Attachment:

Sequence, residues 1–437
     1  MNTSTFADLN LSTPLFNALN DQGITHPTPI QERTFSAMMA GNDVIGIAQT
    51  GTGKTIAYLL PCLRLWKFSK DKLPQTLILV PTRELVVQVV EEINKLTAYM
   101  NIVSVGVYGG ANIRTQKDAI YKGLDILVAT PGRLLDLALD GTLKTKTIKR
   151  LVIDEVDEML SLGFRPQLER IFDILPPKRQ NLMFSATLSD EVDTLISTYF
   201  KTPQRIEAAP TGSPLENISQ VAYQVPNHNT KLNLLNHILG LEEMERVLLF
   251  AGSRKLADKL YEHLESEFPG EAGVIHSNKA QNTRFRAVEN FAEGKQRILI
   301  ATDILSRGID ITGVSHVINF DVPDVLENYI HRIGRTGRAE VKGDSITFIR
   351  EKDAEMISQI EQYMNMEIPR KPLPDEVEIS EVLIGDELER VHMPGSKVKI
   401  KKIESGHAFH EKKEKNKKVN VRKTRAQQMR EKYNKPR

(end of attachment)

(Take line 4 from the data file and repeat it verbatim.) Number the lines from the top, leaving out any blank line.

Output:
   101  NIVSVGVYGG ANIRTQKDAI YKGLDILVAT PGRLLDLALD GTLKTKTIKR